When Green County Cheese Days rolls around in September, the festival will have a little extra kick, more history and a very popular cheese.
For the first time in nearly 30 years, a cheese made in the U.S. has won the World Championship Cheese Contest. And it was made in the city that celebrates cheese like no other.
A smear ripened hard cheese produced in Monroe by Fitchburg-based Emmi Roth USA was named best in show Wednesday out of a record 2,955 entries from around the globe. A crowd of more than 500 people erupted in cheers as the announcement was made.
“This is very humbling,” Tim Omer, president of Swiss-owned Emmi Roth USA, told the excited cheese- and wine-fueled crowd. “Our cheesemakers in Monroe, our cheesemakers in Platteville and our cheesemakers in Shullsburg, they are killing it every day.”
First runner-up in the biennial contest was a smear ripened semi-soft cheese made by Johannes Schefer of Switzerland, while an aged Gouda from Friesland Campina Export in the Netherlands was second runner up.
Cheesemakers from Switzerland have won four of the last five world championships, including in 2014 when an Emmentaler, a rinded Swiss-style cheese, took the top prize. Other winners over the years have come from the Netherlands, Denmark, Austria and Australia.
An American cheesemaker hasn’t taken top honors at the contest since 1988, when Dale Olson of Grantsburg’s Burnett Dairy Cooperative in northwestern Wisconsin won for a string cheese.
“1988’s a long time ago,” said John Umhoefer, executive director of the Wisconsin Cheese Makers Association, which runs the contest. “I think the World Champion is really a opportunity to have product sales improve. I don’t think it will be subtle for them.”
The cheese scored a 99.8 to win its category and finished ahead of Roth’s Private Reserve that placed second. Emmi Roth USA, a subsidiary of Switzerland based Emmi Group, is a leading producer of specialty cheeses and in 2014 won best of class for a buttermilk blue cheese and a Granqueso.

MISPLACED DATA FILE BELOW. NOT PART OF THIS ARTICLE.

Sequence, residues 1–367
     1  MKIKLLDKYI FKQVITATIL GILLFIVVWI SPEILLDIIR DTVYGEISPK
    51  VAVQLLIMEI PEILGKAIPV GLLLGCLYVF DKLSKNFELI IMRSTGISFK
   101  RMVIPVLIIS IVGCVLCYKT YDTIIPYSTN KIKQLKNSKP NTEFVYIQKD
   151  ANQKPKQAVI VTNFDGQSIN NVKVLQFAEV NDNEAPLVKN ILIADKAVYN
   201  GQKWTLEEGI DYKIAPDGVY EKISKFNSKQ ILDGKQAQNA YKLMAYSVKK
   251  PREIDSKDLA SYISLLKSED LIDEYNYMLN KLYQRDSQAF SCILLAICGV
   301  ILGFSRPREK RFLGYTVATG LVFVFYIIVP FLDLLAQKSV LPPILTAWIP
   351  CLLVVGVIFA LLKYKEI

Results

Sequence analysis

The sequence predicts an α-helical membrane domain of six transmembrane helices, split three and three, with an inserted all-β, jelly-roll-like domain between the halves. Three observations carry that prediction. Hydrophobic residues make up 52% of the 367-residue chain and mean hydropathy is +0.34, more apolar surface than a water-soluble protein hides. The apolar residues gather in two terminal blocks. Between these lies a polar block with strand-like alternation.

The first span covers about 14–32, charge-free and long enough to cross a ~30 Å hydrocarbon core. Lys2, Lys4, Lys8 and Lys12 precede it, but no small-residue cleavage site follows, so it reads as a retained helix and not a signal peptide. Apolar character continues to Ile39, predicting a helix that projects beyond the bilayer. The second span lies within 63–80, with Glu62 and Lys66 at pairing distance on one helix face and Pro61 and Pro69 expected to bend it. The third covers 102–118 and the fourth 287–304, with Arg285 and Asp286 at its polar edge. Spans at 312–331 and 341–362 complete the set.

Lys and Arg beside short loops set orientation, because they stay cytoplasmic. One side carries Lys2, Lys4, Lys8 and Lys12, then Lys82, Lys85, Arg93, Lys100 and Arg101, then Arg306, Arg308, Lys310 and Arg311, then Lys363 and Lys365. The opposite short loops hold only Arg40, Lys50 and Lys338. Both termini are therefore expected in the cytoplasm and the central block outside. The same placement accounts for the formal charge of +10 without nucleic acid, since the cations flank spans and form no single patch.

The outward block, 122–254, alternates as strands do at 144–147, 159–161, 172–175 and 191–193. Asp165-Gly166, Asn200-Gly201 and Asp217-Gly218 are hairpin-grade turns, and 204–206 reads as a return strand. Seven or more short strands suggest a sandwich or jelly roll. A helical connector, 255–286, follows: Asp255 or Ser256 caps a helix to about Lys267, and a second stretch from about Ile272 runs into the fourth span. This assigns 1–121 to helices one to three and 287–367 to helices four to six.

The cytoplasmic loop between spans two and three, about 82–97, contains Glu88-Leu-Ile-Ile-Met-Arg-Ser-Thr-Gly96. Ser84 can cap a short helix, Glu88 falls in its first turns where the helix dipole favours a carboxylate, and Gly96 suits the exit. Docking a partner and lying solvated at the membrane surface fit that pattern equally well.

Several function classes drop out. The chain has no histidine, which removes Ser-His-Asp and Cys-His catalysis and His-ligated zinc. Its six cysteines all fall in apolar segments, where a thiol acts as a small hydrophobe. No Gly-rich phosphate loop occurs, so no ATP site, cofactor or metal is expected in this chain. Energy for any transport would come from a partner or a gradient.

The Grand Cru Surchoix is an Alpine-styled cheese cured for more than nine months, which creates complex flavors with caramel and mushroom undertones.
“The flavors, they’re really big flavors but they’re balanced,” said Russell Smith, a judge from Australia. “The texture is just perfect. Following up with a really nice texture is just as important as the flavor.”
The U.S. placed three other cheeses in the Sweet 16 finals, including a hard cheese from Uplands Cheese in Dodgeville. The company’s Extra Aged Pleasant Ridge Reserve, a cheese that won its category with a score of 99.3, is made only between May and October when cows are on pasture. The 10-pound wheel entered in the contest was made in October 2014.
“It’s a batch that just kind of kicked around our cellars for a long time,” said Andy Hatch, who purchased the cheese company from his mentor, Mike Gingrich, in 2014. “It’s like cooking down a stock. The flavors get more complex and intense as they get older. It’s a beautiful cheese, no doubt about it.”
Pleasant Ridge Reserve won Best of Show in the American Cheese Society’s annual competition in 2001, 2005 and 2010 and won the U.S. Cheese Championships, held in alternating years with the world contest, in 2003.
The other U.S. qualifiers were a Winnimere cheese in the smear ripened soft cheese category from the Cellars at Jasper Hill in Vermont and a sheep’s milk cheese from Central Coast Creamery in California.
The contest began Monday with cheese, butter and yogurt entries from 23 countries and 31 U.S. states and Puerto Rico. Winners in the 110 categories squared off Wednesday afternoon to qualify for the final event with judges selecting two cheeses each from eight tables. Judges used poker chips to simultaneously select their favorite cheese.
Canada had one in the Sweet 16 finals, with the remainder from the Netherlands, Switzerland, Germany, Austria and Spain.
The win by Emmi Roth USA provided a fitting end to the contest that throughout the years has been dominated by Wisconsin cheese. In 2014, four Wisconsin cheesemakers made the Sweet 16 finals, but none finished in the top three at the final event.
In 2012, Wisconsin cheesemakers won 30 of the contest’s 82 categories, had the top three finishers in nine of the categories and had four in the Sweet 16 finals, but none in the top three. In 2014, when there were 2,619 entries from 22 countries, state cheesemakers took first-place honors in 34 of the 90 categories, and swept the top three spots in 10 categories.
This year, Wisconsin cheesemakers took top honors in 38 of the 110 categories and took the top three spots in 17 categories including sweeps in brick muenster, Colby, feta, flavored feta, havarti and string cheese.
Marieke Penterman, an award-winning cheesemaker from Thorp in northern Wisconsin, made the finals in 2014 with an aged Gouda. Her Holland Family Cheese plant includes her own dairy and herd of cows. At this year’s competition, her caraway, truffle and burning melange swept the top three spots respectively of the flavored Gouda category, but she was unable to break through into the Sweet 16.
“It’s a very tough competition. You’re dealing with some extraordinary cheesemakers from all over the world that have generations of techniques,” Penterman said. “But you get a kick out of it. And if you win something, it’s a tremendous honor.”